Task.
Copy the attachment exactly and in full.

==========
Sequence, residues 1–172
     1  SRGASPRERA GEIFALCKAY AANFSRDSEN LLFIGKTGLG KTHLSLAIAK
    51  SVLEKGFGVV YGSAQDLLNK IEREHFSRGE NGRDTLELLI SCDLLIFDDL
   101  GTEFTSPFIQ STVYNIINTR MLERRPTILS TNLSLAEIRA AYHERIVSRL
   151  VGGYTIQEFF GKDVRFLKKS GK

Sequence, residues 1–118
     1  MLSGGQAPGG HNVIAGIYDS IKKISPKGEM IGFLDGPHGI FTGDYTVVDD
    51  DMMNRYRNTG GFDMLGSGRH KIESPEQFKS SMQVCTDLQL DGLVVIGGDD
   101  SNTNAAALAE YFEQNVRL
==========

Sequence, residues 1–172
     1  SRGASPRERA GEIFALCKAY AANFSRDSEN LLFIGKTGLG KTHLSLAIAK
    51  SVLEKGFGVV YGSAQDLLNK IEREHFSRGE NGRDTLELLI SCDLLIFDDL
   101  GTEFTSPFIQ STVYNIINTR MLERRPTILS TNLSLAEIRA AYHERIVSRL
   151  VGGYTIQEFF GKDVRFLKKS GK

Sequence, residues 1–118
     1  MLSGGQAPGG HNVIAGIYDS IKKISPKGEM IGFLDGPHGI FTGDYTVVDD
    51  DMMNRYRNTG GFDMLGSGRH KIESPEQFKS SMQVCTDLQL DGLVVIGGDD
   101  SNTNAAALAE YFEQNVRL